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Relive Old West Gunplay and Period Dress, with Your Own Cowboy Alias

Making Your Own Cowboy Action Shooting Alias

How to Create a Unique Cowboy Action Shooting Alias or Character Name

 

 

 

 

 

cowboy action shooting aliasHave you come up with your very own Cowboy Action Shooting alias? One of the most fun things about Cow­boy Action Shoot­ing is that it allows its mem­bers to assume the char­ac­ter of an Old West per­son­al­ity, and even choose an appro­pri­ate alias. It comes as no sur­prise to hear attention-getting names like Fire­wa­ter McGrath, Kat­rina Tum­ble­weed or Straight­shootin’ Sam Bart­tle­son. It’s like play­ing a grownup ver­sion of Cow­boys and Indi­ans, except that every­thing is real, from the Stet­son hat down to the snake­skin boots.

The Sin­gle Action Shoot­ing Soci­ety requires all mem­bers of affil­i­ated Cow­boy Action Shoot­ing orga­ni­za­tions to pick an alias that rep­re­sents a char­ac­ter or pro­fes­sion from the wild days of the Old West or a clas­sic west­ern film. The alias should be unique and not dupli­cate any other member’s alias. The SASS gen­er­ally has the final author­ity whether an alias can be used or not.

You can use any alias you desire, as long as it’s not morally or legally objec­tion­able and no one else is using it.

Choos­ing unique, strik­ing, mem­o­rable, or sim­ply funny alias is an inter­est­ing activ­ity all new mem­bers must go through. While com­ing up with a great-sounding alias is sec­ond nature to some peo­ple, it could be a real chal­lenge to some. Some will come up with a fan­tas­tic name only to find, to their dis­ap­point­ment, that another mem­ber has already beat them to it.

Meth­ods of Gen­er­at­ing a Cow­boy Action Shoot­ing Alias

There are sev­eral ways to come up with a Cow­boy Action Shoot­ing alias. Look at your character’s pro­fes­sion. If your char­ac­ter is in the med­ical pro­fes­sion, Doc or Saw­bones is a good place to start. Your character’s gen­eral dis­po­si­tion, such as Speedy, Grumpy, Smi­ley, Lefty or Cool are exam­ples of name mod­i­fiers you can use.

Phys­i­cal fea­tures are another point of ref­er­ence, such as Tubs, String­beans, Four-Fingered, or One-Eyed. While names dur­ing the time of the Old West weren’t always polit­i­cally cor­rect, the name you choose shouldn’t be offen­sive or obscene by any means.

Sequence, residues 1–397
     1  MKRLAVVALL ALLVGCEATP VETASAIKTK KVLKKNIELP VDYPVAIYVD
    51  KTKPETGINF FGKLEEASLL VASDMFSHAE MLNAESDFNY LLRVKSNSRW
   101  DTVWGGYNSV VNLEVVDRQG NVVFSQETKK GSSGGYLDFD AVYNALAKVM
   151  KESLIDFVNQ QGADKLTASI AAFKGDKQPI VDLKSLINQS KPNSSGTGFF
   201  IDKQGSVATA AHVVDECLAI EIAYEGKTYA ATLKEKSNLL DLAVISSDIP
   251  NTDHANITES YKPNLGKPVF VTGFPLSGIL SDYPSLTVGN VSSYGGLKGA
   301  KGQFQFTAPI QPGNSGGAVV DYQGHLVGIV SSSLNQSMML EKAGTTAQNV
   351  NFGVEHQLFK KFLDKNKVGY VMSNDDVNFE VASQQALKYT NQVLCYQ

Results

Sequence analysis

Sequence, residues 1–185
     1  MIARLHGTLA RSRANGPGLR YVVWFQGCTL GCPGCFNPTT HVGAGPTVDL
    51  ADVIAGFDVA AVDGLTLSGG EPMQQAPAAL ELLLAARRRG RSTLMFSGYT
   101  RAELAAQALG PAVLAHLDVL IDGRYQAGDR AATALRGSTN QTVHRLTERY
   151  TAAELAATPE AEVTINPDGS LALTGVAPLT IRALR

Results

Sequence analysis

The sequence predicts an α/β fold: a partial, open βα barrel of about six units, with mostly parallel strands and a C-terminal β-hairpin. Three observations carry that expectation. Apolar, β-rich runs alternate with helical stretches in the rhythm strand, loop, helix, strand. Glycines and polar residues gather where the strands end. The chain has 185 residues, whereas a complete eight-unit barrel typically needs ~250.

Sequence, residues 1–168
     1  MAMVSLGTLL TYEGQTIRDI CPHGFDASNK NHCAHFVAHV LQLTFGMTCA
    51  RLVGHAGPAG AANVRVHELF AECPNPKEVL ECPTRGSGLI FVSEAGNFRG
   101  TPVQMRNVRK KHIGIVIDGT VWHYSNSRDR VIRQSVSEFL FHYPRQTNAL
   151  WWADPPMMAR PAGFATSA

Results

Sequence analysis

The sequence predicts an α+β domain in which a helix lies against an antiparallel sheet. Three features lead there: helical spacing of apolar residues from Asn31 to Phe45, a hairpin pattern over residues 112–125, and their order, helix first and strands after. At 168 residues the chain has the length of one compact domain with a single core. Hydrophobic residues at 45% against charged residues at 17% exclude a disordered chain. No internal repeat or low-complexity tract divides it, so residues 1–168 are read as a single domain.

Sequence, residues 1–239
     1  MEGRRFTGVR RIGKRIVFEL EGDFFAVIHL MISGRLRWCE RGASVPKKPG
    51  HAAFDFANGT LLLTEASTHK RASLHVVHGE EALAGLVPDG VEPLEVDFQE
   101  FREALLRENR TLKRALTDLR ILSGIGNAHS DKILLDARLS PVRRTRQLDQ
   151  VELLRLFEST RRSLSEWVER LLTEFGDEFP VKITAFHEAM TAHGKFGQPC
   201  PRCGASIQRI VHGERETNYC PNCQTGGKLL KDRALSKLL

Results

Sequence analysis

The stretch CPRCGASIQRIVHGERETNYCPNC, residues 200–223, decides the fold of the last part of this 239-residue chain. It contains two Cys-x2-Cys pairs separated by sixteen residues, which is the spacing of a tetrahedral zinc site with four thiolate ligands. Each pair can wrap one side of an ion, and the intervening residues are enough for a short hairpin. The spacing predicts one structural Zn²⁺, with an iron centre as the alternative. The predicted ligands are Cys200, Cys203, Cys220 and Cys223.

Some mem­bers make a play on Span­ish terms and turn them into an alias. “Que bonita!” (How pretty!) can become Kay Bonita. Many mem­bers would like to be nick­named “El Guapo” or “El Guapa”. You can open a lot of pos­si­bil­i­ties if you look up Span­ish phrases.

Sev­eral decades ago, a clever way of select­ing a Cowboy Action Shooting alias was using the “two towns” method, adopt­ing a name which involved the names of two state towns. Erst­while singer Mar­ion Slaugh­ter was able to make many records by chang­ing his name to Ver­non Dal­hart, a com­bi­na­tion of two Texas towns, Ver­non and Dal­hart. Con­way Twitty derived his name from two towns in Arkansas.

Josephine Sweet­wa­ter, Tom Bean Wood­creek, and Honey Grove Hitch­cock are exam­ples of names cre­ated from com­bin­ing two Texas towns. The pos­si­bil­i­ties are end­less. Try doing the same with the name of your home state and you can come up with a num­ber of orig­i­nal and mem­o­rable Cow­boy Action Shoot­ing aliases that are less likely used by some­one else.

The phys­i­cal char­ac­ter­is­tic + name is a favorite way of com­ing up with a unique alias, such as Big Jim, Curly Bill, and Hand­some Bob. You can also use the “dou­ble first name” method, as in the case of James Alfred “J.A.” McFaddin and John Wes­ley Hardin. And, of course, there’s the city (or state) + nick­name + last name for­mula, like Texas Jack Ver­mil­lion and Arkansas Tom Jones. The names you can cre­ate are only lim­ited by your imagination.

Don’t For­get to Reg­is­ter Your Cowboy Action Shooting Alias – It’s Easy

Mem­ber­ship in any SASS-affiliated shoot­ing sports orga­ni­za­tion requires the reg­is­tra­tion of a unique Cowboy Action Shooting alias under which you com­pete in events. The SASS Shoot­ers Hand­book doesn’t allow the use of an alias that dupli­cates or can be con­fused with another reg­is­tered member’s alias.

The SASS strongly rec­om­mends the use of an alias spe­cially when par­tic­i­pat­ing in shoot­ing com­pe­ti­tions, as it adds to the fun and spirit of Cow­boy Action Shoot­ing. Your alias, once reg­is­tered, is yours alone as long as you stay a mem­ber. Remem­ber that if an alias sounds the same as another, it is basi­cally the same; a play on its spelling won’t make it any dif­fer­ent. Like­wise, aliases that don’t fit your char­ac­ter or sounds vul­gar won’t be allowed.

Here’s a use­ful tip. When you’re ready to join an SASS shoot­ing sport orga­ni­za­tion and want to reg­is­ter your alias, you can eas­ily do it over the phone. They can check up for any name dupli­ca­tion, and you can have your mem­ber­ship num­ber and alias while you’re still on the phone!

Choos­ing your own unique alias can be a chal­leng­ing yet enjoy­able activ­ity. It gives you an oppor­tu­nity to be who­ever you want to be within rea­son. Your cow­boy attire can be tai­lored around your cho­sen char­ac­ter and name, which only adds to the fun of this shoot­ing sport. Choose your Cow­boy Action Shoot­ing alias wisely and don’t for­get to reg­is­ter it with the SASS.

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